Do you ever wake up in the morning wondering if you will be more sagacious, insouciant or sensible (do you like my long words?)
With all the yoga and mindfulness I practise I've often wondered whether one day I will be more like the Dalai Lama.
Last New Year, whilst on an early morning guided bird walk in the Usambero Mountains, Tanzania, I met Elizabeth Chanoona a Yoga and Meditation teacher. She epitomised to me what it was like to be a yogi - slim, fit, glowing, kind, calm and compassionate, and to top it all she did a 10 minute headstand every morning. You know the poem 'people come into your life for a reason, a season a lifetime etc', well ours was a 24 hour meeting and she was a big inspiration for Ellie and me and I really wanted to be like her.
She recommended a few books to me including 'After the Laundry The Ecstasy' by Jack Kornfield, and I've been dipping into it. Yesterday I enjoyed the chapter on personality and temperament -
'Awakening to the emotions means to feel them – nothing less, nothing more. It does not mean changing our feelings – feelings change all the time on their own. Nor does it mean changing our temperament If we are intuitive or philosophical, sanguine or melancholic, that will likely remain the same. Our range may expand but our temperament and personality will likely continue. One Buddhist teacher said that he had expected awakening to bring a 'personal transformation' only to be surprised that it was actually an 'impersonal transformation'. The transformation is the opening of the heart and not a personality change.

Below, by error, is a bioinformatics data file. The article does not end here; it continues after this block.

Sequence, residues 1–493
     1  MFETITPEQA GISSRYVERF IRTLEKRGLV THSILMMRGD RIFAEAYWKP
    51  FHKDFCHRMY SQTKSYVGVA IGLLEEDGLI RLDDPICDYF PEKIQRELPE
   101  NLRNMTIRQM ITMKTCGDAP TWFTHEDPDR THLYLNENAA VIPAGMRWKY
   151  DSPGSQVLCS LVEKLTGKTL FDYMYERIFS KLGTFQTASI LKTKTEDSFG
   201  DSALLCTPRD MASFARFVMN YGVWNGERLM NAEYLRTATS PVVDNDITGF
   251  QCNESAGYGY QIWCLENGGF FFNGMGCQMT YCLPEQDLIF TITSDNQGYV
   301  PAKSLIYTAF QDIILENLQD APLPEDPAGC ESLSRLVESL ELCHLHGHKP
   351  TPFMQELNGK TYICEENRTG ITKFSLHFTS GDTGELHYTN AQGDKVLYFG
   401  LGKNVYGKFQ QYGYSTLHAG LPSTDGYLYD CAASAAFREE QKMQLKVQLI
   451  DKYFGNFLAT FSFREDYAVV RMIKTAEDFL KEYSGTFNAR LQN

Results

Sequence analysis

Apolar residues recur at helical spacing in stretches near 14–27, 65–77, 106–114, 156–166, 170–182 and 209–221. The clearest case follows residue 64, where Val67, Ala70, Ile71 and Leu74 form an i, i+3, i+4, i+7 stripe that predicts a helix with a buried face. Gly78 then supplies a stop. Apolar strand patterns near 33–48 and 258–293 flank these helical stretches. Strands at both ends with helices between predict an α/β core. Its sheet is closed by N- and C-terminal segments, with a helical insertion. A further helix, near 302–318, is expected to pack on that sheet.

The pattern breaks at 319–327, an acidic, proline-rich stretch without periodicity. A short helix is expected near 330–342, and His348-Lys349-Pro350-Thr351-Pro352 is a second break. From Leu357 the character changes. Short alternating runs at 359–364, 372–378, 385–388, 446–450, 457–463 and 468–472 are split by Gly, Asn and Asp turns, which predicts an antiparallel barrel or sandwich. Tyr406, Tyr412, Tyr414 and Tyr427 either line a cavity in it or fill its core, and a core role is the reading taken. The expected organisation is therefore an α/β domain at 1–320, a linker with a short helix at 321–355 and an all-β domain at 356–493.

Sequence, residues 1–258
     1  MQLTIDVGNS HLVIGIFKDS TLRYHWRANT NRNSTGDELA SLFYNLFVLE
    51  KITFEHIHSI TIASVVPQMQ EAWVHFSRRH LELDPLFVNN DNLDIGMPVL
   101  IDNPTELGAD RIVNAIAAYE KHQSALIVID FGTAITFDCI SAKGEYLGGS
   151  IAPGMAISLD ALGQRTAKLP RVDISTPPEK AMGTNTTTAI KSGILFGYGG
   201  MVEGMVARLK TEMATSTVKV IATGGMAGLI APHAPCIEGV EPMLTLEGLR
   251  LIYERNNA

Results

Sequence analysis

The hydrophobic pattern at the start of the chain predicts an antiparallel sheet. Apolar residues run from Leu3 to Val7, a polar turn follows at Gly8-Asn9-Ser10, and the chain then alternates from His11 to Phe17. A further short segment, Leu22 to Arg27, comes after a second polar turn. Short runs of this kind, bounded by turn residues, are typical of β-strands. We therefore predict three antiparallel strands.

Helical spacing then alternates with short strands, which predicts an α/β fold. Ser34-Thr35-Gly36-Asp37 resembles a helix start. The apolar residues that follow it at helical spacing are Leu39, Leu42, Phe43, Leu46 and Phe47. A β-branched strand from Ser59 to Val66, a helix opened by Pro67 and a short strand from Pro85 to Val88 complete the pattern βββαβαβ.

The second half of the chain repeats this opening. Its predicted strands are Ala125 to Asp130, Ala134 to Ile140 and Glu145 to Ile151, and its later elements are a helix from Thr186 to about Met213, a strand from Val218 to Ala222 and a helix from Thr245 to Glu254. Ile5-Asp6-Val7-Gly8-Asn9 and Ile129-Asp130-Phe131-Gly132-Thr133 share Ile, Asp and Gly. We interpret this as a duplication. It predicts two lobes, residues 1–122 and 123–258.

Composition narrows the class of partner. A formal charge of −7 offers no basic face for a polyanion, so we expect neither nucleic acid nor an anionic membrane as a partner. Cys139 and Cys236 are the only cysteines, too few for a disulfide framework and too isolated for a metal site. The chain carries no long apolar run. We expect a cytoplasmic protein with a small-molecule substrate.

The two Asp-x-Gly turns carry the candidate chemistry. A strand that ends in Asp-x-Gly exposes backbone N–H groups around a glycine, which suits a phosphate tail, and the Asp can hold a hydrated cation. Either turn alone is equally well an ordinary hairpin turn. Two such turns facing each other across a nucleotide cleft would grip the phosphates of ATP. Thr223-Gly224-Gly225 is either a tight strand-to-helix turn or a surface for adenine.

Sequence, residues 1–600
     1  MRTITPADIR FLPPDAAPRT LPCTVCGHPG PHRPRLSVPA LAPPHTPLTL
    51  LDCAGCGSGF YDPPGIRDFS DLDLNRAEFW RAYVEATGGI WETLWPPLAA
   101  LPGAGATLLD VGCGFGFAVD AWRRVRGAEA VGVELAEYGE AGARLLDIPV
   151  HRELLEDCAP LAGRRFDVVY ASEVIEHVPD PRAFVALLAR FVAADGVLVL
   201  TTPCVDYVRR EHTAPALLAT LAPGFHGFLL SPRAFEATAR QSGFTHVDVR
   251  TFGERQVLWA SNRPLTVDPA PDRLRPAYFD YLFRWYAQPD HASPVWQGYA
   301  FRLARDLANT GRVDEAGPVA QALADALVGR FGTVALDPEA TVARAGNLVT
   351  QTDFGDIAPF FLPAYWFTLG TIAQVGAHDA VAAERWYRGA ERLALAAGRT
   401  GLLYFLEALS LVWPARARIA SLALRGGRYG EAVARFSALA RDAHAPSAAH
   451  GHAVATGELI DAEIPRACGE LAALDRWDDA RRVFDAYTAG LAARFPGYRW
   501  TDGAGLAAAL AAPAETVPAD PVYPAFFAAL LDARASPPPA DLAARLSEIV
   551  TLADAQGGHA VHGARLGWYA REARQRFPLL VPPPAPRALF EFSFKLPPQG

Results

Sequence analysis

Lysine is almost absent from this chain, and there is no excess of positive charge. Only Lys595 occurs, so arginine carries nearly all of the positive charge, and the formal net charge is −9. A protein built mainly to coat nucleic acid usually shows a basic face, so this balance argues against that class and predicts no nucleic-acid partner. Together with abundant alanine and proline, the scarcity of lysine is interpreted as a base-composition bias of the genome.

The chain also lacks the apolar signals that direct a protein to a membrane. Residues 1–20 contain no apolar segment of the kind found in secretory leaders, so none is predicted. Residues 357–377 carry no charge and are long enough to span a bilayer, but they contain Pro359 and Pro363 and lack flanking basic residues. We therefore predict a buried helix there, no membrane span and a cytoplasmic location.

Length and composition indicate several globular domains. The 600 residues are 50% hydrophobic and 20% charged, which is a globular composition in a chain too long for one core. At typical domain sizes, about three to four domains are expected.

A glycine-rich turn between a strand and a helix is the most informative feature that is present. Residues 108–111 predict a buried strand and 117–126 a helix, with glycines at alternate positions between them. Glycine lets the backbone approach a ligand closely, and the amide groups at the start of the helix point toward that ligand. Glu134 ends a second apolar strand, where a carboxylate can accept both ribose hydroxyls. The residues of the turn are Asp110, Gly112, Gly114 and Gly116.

The teacher went on -
In many ways the spiritual transformation of the past decades is different than I imagined. I'm still the same quirky person, with much the same style and ways of being. So that on the outside I'm not that amazingly transformed, enlightened person I first hoped to become. But there's a transformation inside. Years of working with my feelings my family patterns and temper have softened the way I hold them all. In the struggle to know and deeply accept my life, it has been transformed, and my love has grown larger.
Emotional awakening, then is not about becoming a different person. We may naturally be an introvert or extrovert, a joyful person or an impatient one. “sometimes a master can be a great teacher but not necessarily a great person. Perhaps he or she is short-tempered, not easy to get along with or makes many demands'
I was also relieved to note that the Dalai Lama sometimes has feelings of anger, he has written “In situations of great injustice I can get angry for a time, but then I think 'What is the use', and gradually the anger turns into compassion'.
There's a song my children used to sing at their school in the UK called 'It's Good To Be Me'.
I don't feel the same way I did 25 years ago, 6 months ago or even last week. I'm definitely not Elizabeth or the Dalai and of course ever will be. I like being me, I always feel there is room to grow, learn and explore. I love bouncing about with happy, positive, get up and go people and also feel that the complainers have something to teach. When I first meet people I genuinely get excited about the lesson I am going to learn and wonder where it is going to take me.
Enjoy the journey.
PS apparently improving our vocabulary is also an overlooked way to improve our lives! https://litemind.com/top-3-reasons-to-improve-your-vocabulary/